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Why is menswear still behind when it comes to sustainability?

Sustainability is more than just a buzzword. From homewear to actual sustainable homes, fashion to food, making more conscious decisions is something that we are all… View Article

FASHION

Why is menswear still behind when it comes to sustainability?

Sustainability is more than just a buzzword. From homewear to actual sustainable homes, fashion to food, making more conscious decisions is something that we are all becoming more mindful of.

Sustainability in menswear has definitely been increasing in recent years, with existing brands paying more attention to their impact on the planet, and new sustainable brands emerging.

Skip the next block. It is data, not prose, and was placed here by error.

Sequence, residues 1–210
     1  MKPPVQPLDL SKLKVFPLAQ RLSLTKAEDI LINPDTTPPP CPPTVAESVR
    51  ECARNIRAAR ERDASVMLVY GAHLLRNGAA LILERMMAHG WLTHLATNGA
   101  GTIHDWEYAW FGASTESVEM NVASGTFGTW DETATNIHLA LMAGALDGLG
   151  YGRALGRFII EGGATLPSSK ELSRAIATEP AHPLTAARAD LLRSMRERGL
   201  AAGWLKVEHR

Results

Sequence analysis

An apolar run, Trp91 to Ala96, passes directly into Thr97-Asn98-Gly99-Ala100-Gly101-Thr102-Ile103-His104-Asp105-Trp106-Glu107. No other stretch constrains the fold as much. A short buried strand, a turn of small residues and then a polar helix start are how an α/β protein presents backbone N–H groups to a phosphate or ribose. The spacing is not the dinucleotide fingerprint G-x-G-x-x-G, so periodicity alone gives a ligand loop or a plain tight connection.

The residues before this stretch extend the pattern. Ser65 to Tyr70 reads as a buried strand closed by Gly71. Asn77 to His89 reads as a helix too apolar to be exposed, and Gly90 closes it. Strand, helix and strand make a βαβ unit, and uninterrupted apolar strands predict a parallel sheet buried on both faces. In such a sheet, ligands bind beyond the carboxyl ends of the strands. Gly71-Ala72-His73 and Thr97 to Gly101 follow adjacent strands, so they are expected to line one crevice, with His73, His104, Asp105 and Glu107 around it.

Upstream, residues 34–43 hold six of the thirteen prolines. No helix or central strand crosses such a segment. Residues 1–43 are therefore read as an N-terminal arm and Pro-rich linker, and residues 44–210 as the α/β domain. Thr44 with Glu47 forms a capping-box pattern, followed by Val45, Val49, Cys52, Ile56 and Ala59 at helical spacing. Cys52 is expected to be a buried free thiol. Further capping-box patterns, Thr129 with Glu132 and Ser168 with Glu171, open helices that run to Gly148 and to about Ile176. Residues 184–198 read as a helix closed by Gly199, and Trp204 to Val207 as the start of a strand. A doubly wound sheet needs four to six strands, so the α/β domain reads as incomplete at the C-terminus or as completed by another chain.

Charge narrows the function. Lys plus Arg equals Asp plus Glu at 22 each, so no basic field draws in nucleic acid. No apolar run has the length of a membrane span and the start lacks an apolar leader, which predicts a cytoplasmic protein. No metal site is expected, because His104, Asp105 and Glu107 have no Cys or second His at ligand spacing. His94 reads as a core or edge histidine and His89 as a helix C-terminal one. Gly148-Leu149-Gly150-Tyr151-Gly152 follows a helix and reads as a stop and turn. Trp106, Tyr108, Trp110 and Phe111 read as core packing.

However, this effort is definitely further behind compared to womenswear, both in luxury and in high-street fashion. So, why is menswear still behind when it comes to sustainability? And importantly, how can this change?

In this article, we will explore some of the reasons why male consumers have been more resistant to conscious fashion, why brands have had a slower up-take, and simple yet effective ways the menswear industry can be more sustainable, without compromising on style. 

Conscious consumers 

When it comes to being conscious consumers, there is a gender-gap. A survey held in 2018 by the market research firm, Mintel, found that 71% of women try to live more ethically, compared to 59% of men. 

But why is this? It could be that many eco-friendly products are marketed to women. From beauty to fashion, sustainable innovations are swayed to female consumers. With a market so dominated by women, could it be that men don’t feel like it’s their world?